Don’t Rush to the Bomb Shelters, Avigdor Lieberman Is Harmless

The man Benjamin Netanyahu wants as his defense minister will be too worried about keeping his job to do anything that will risk war.

Israel Harel
Israel Harel
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Netanyahu and Lieberman at the Knesset Foreign and Defense Committee, June 10, 2013.
Netanyahu and Lieberman at the Knesset Foreign and Defense Committee, June 10, 2013.Credit: Emil Salman
Israel Harel
Israel Harel

Even though the bomb shelters should always be ready – and they definitely aren’t – I have a suggestion for everyone shocked by Avigdor Lieberman’s expected appointment as defense minister: Don’t rush to prepare and stock them. Lieberman, like Menachem Begin in 1977, won’t lead Israel into a war; quite the opposite. He’ll want to prove that, contrary to his reputation, he’s a judicious and pragmatic man.

He won’t lead us into an attack on Iran; he won’t retake Gaza, even though he demanded doing so during Operation Protective Edge in 2014 and on other occasions. And he won’t stop the “humanitarian” shipments of cement with which Hamas is rebuilding its tunnels.

“The death penalty for terrorists?” The murderers who have stood trial, who are preparing to kill more Jews when they’re released in the next capitulatory swap for kidnapped Israelis, won’t be hanged.

And residents of the largely Arab Wadi Ara area shouldn’t start rejoicing. To their great sorrow, they won’t be transferred to the Palestinian Authority’s jurisdiction, based on Lieberman’s plan, and won’t be able to enjoy the delights of equality in the enlightened Palestinian democracy.

The issue of “equal rights and obligations for all” also won’t rise from the grave. What’s the value of the lofty political ideas Lieberman dreamed up compared to the great privilege of breaking the defense establishment’s glass ceiling? (After all, the only things that ever whistled past his head were tennis balls, as Prime Minister Benjamin Netanyahu once said.)

Only belonging to the defense establishment – especially by bearing the title “defense minister” – grants true right of entry to the inner sanctum of Israeliness. And no price – which will be paid by Israel’s citizens – is too high for Lieberman to purchase this right.

The military chiefs certainly don’t need to rush to find refuge in the “pit,” as the wartime command center is known. Lieberman will jump through hoops to curry favor with them. Unlike current Defense Minister Moshe Ya’alon, who has personally operated deep behind enemy lines and knows how to weigh the value – and risks – of audacity, Lieberman won’t hasten to approve secret operations lest they fail and endanger his position.

Army Radio, whose closure he once vehemently demanded, will be able to remain the mouthpiece of the enlightened public – as an opposition to the rightist government and the producer of scoops that sabotage construction even in Jerusalem. After all, wasn’t that always its professional vision?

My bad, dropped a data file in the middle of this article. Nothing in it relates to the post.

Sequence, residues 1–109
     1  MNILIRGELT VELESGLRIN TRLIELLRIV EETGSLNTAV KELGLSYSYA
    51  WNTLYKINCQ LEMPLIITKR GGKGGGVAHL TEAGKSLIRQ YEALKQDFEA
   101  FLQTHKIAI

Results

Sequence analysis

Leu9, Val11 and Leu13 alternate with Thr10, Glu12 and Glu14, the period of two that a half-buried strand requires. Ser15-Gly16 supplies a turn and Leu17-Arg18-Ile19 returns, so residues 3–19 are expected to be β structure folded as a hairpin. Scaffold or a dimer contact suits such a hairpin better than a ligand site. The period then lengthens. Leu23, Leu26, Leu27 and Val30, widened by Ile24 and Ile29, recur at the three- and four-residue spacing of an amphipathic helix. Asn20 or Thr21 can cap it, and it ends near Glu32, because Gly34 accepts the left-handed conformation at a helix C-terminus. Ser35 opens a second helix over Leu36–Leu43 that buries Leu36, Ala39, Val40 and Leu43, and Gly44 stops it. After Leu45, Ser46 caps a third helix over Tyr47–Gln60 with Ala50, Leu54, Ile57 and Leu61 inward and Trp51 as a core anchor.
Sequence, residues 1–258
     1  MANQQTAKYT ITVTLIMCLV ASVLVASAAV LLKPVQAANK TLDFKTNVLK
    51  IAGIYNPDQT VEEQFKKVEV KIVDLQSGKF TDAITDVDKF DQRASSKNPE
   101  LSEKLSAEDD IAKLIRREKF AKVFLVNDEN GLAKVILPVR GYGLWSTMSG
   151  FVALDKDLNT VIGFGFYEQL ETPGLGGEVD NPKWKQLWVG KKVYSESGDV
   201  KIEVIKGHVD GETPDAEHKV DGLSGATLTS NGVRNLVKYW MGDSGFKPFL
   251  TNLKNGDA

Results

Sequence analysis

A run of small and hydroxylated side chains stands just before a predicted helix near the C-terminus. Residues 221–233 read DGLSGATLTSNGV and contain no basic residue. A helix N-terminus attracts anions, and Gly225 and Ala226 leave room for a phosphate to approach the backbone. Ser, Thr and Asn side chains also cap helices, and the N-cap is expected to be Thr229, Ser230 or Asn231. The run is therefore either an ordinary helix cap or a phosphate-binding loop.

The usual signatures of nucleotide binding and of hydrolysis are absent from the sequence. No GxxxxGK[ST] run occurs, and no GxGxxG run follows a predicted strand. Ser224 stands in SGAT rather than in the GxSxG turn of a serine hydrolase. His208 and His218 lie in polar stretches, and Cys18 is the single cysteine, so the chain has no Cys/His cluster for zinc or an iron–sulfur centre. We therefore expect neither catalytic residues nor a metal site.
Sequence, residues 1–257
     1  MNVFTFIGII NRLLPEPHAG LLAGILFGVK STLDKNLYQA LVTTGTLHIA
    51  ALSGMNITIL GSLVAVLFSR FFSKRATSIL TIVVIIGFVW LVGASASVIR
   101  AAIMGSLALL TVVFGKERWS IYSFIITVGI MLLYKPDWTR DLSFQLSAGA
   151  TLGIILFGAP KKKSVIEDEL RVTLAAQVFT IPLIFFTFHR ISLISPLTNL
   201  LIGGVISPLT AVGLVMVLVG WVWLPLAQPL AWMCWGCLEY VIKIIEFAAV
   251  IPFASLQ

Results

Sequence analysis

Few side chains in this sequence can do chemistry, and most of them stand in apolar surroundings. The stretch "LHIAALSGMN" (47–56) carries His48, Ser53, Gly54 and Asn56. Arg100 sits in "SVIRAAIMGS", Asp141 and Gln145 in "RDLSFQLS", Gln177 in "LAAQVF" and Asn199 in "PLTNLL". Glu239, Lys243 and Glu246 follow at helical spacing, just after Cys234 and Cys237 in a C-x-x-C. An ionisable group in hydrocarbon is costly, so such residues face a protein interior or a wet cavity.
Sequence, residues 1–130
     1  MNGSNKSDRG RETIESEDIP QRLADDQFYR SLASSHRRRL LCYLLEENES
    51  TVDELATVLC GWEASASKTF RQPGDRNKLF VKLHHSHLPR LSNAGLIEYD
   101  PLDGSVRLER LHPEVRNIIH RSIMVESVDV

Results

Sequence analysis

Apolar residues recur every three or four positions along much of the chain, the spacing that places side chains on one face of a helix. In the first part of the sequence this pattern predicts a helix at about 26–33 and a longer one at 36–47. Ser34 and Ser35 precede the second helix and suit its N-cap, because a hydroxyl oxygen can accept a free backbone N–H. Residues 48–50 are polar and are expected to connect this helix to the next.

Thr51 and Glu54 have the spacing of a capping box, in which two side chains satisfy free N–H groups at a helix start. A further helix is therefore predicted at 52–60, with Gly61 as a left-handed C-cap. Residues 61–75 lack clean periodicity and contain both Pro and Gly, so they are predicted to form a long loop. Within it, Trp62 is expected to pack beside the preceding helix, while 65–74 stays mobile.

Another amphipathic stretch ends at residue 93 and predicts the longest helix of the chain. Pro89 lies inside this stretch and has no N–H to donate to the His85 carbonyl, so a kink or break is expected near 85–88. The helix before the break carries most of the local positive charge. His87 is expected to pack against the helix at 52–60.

All the NGOs that serve hostile governments and the BDS movement won’t need to go underground either. Lieberman’s promise to make them illegal has exactly the same value as all his other oaths and vows.

Since he’s someone for whom “his word is his word,” other key issues that earned him the votes of hundreds of thousands of Israelis, like the nation-state bill, will also remain in the deep freeze. I would even dare say without irony that the main ideological agreement achieved between Netanyahu and opposition leader Isaac Herzog – freezing construction in the settlements – will be upheld, with Lieberman’s consent, even by the new “far-right government.” (Just as it is upheld de facto today.)

The Habayit Hayehudi party, in its foolishness, worked to promote this appointment, while the purist, irresponsible left is enabling it. The same goes for settler activists in the ruling Likud party. They think having a settler as defense minister will remove the obstacles to construction and prevent the destruction of communities like Amona. This is a baseless conclusion, and it also, forgive my bluntness, reflects self-centered short-sightedness regarding the country’s overall interests.

Lieberman, to quote Netanyahu again (and the prime minister is projecting from his own character), doesn’t belong to either the right or the left; he isn’t loyal to any ideology or party framework. The responsible ideological right that views the country’s needs from a broad, comprehensive perspective is the group that actually ought to be worried, very worried, by the prospect that these two spineless men, Netanyahu and Lieberman, both devoid of any binding ideology, will be leading the country.

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